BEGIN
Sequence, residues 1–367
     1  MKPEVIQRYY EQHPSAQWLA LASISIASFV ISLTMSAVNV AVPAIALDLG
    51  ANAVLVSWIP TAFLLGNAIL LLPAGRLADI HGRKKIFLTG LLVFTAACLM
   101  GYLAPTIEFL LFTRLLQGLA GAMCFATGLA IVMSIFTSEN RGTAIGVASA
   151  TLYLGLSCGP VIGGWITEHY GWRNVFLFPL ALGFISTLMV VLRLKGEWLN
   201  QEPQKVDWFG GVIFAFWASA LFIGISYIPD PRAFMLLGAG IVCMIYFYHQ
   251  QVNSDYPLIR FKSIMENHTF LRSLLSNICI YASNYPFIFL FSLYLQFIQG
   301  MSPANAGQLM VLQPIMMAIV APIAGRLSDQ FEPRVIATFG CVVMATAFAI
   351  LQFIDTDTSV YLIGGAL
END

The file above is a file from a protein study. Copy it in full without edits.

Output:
Sequence, residues 1–367
     1  MKPEVIQRYY EQHPSAQWLA LASISIASFV ISLTMSAVNV AVPAIALDLG
    51  ANAVLVSWIP TAFLLGNAIL LLPAGRLADI HGRKKIFLTG LLVFTAACLM
   101  GYLAPTIEFL LFTRLLQGLA GAMCFATGLA IVMSIFTSEN RGTAIGVASA
   151  TLYLGLSCGP VIGGWITEHY GWRNVFLFPL ALGFISTLMV VLRLKGEWLN
   201  QEPQKVDWFG GVIFAFWASA LFIGISYIPD PRAFMLLGAG IVCMIYFYHQ
   251  QVNSDYPLIR FKSIMENHTF LRSLLSNICI YASNYPFIFL FSLYLQFIQG
   301  MSPANAGQLM VLQPIMMAIV APIAGRLSDQ FEPRVIATFG CVVMATAFAI
   351  LQFIDTDTSV YLIGGAL